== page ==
Prizes and Penalties 243
until a certain time agreed upon, when prizes were given, appropriate to the subjects that had won distinction for those who had proved themselves best informed upon them.
For example, the one who knew about fishes received a globe of gold fish; he who contributed interesting facts about beasts and cattle was given a framed picture of a noble lion's head. The girl who knew about birds was made happy by the gift of a canary, and the one who had informed herself about "Angels of the Lord," having read Geo. Macdonald's interesting essay, and, being the only one not taken unawares by the subject, had told much that was new and interesting, received as her reward one of Fra Angelico's angels, set in the usual little shrine of gilt wood.
The children thought the questions had all the charm of conundrums, and the fun for the parents came in when the young folk esteemed it a privilege to "study up" for the game.
PRIZES AND PENALTIES
In playing games, while the interest and pleasure of winning should be sufficient reward in itself, a simple prize to mark the little victory and make it more conspicuous certainly adds much to the eclat of the occasion and makes an effective climax to the fun.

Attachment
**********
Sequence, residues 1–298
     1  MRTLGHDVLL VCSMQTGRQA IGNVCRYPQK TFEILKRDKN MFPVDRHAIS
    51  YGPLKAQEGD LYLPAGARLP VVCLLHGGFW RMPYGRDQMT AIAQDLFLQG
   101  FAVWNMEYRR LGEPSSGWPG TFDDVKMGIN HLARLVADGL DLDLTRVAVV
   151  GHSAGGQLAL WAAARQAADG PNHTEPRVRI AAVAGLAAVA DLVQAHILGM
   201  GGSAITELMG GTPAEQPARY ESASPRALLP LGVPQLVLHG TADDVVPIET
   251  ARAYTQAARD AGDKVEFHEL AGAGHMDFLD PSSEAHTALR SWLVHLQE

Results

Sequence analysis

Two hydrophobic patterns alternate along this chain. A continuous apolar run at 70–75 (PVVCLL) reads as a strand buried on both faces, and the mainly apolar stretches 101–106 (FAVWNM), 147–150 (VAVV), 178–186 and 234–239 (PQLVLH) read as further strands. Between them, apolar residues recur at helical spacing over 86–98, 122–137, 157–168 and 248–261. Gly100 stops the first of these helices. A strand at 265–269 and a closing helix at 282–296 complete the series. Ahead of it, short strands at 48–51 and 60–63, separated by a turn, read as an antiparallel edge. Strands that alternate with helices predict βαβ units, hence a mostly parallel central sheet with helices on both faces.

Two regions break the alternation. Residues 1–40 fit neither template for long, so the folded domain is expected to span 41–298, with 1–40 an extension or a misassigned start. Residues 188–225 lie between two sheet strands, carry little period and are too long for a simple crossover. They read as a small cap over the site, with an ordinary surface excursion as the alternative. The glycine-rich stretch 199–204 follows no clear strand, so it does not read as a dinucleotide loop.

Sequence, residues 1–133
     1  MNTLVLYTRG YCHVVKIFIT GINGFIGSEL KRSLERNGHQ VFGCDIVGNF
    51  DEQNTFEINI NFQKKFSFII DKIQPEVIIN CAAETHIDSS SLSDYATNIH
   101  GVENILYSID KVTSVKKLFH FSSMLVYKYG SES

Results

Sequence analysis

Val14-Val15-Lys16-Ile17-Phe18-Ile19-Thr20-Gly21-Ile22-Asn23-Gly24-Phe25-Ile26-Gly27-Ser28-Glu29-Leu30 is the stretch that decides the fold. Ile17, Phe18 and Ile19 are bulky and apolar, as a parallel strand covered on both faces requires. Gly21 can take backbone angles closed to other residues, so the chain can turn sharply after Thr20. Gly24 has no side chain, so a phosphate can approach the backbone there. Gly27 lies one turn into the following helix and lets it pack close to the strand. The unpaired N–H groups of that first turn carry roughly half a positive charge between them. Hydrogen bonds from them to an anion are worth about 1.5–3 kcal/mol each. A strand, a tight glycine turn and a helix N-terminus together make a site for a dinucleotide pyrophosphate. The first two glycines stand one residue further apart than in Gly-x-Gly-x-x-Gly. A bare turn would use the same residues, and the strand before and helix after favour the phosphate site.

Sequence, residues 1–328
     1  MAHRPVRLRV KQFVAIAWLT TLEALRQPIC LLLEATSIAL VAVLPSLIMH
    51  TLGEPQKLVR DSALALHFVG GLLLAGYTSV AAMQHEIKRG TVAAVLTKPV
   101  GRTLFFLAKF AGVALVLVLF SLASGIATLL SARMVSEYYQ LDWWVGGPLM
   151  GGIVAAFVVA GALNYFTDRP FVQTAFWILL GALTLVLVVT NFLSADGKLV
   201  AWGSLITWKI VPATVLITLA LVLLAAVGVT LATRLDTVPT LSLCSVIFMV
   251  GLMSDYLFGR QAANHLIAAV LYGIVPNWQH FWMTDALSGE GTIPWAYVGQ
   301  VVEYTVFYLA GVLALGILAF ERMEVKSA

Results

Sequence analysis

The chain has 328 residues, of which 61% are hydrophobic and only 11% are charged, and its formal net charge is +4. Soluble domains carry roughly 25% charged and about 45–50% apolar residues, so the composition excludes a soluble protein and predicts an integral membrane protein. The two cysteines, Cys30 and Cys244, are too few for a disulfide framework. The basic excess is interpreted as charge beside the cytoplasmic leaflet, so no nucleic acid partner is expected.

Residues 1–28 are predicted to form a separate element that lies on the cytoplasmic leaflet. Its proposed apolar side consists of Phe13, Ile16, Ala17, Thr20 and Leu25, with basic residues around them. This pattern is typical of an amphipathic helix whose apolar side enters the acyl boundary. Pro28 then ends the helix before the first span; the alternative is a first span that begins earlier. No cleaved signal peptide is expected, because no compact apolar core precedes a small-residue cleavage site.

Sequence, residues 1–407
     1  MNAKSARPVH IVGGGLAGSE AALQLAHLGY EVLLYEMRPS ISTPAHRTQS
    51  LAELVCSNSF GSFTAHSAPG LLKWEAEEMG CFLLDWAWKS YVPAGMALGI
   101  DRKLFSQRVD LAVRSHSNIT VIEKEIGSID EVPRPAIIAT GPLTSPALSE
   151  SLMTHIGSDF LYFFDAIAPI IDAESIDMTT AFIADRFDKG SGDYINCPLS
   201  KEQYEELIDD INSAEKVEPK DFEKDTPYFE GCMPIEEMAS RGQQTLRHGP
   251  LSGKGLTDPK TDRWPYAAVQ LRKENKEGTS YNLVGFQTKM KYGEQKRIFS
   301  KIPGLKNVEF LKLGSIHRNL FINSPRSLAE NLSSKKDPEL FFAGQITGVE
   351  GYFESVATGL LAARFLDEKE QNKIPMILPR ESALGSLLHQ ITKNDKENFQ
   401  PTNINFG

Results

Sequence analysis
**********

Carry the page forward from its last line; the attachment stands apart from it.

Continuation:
The etiquette of giving prizes—according to the present dicta of those who make a fashion by adopting it— requires that they are not seen until the moment of their bestowal by the hostess. They are usually wrapped very daintily and tied with ribbons, that the moment of impatient curiosity may be shared by all the players and the pleasure to the victor be enhanced by the little delay. Where there is a ladies' prize and one